This controversy has led to confusion and varying recommendations, ultimately resulting in a decrease in PSA-based screening. Coinciding with this decrease in screening, a recent report from the American Cancer Society indicates, for the first time in 30 years, a halt in the decline in presentation of metastatic disease and PCa mortality.1

Citing two controversial papers in 2012 suggesting that there is minimal survival benefit to PSA-based screening average risk men, the U.S. Preventive Services Task Force (USPSTF) considered that PSA-based screening harmsmany (side effects include anxiety from screening, infection and bleeding from prostate biopsy, and urinary incontinence and sexual dysfunction from treatment) and benefits few (men saved through early detection). The USPSTF recommended that no man should be screened for PCa.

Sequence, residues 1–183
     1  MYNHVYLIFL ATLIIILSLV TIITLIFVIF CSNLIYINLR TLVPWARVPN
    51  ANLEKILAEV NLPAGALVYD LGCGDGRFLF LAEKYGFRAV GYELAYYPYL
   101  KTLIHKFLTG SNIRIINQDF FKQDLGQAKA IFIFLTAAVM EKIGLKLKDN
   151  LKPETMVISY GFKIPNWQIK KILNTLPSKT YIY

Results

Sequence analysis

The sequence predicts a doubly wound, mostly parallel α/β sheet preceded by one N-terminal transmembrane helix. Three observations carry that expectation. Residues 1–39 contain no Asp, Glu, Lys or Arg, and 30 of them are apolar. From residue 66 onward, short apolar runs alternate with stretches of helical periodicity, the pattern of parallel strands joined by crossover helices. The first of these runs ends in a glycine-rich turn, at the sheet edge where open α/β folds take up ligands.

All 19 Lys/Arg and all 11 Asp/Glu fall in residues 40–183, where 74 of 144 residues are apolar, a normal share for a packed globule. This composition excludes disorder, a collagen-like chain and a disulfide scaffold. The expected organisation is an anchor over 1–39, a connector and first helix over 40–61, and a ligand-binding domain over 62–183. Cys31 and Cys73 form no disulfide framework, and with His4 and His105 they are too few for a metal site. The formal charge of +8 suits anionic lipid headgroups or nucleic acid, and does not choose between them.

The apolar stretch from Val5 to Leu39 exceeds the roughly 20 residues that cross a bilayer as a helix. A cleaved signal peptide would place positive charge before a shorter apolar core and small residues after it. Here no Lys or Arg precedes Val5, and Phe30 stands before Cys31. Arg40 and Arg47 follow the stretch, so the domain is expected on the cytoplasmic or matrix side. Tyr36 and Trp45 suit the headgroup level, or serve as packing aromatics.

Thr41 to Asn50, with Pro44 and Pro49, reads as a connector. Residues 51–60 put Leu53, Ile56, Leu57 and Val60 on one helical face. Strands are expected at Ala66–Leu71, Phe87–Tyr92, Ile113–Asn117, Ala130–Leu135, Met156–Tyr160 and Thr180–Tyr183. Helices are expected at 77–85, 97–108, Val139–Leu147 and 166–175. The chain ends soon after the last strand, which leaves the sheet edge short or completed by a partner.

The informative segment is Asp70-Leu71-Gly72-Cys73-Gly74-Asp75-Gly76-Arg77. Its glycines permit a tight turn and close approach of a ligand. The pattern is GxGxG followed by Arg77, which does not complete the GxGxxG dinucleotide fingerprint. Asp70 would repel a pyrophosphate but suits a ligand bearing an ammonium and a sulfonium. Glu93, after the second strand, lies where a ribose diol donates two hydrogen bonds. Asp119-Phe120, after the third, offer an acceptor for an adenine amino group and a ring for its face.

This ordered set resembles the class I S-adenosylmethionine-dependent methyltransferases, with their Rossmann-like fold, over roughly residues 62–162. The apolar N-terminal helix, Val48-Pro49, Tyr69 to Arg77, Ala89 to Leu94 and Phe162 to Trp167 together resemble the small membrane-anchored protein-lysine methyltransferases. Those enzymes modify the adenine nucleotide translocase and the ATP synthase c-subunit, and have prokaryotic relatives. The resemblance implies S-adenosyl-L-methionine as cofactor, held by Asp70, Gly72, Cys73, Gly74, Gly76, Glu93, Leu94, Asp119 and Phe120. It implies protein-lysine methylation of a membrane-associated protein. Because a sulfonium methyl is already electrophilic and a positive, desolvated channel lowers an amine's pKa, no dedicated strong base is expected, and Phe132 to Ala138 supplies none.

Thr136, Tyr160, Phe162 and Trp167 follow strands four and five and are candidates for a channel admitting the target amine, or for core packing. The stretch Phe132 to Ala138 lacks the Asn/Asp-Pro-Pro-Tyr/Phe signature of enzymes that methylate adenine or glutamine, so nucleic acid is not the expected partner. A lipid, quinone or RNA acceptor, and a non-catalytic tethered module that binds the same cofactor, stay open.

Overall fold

This stance was adopted by the American Academy of Family Physicians, among others, and what followed was an indiscriminate cessation of screening in most men, and with that, the dramatic decline in new PCa diagnoses by almost 60,000 cases.

Subsequent to the Task Force’s recommendation in 2012, several research groups including ours published disturbing trends of more men presenting with more aggressive and advanced PCa.2,3 We now see for the first time a changing course in the death rate from the disease. We are entering a dangerous era. Should we go back to the days before PSA-based screening, the increase in death and suffering will not be felt for another decade-at which point it might be too late for a generation of men.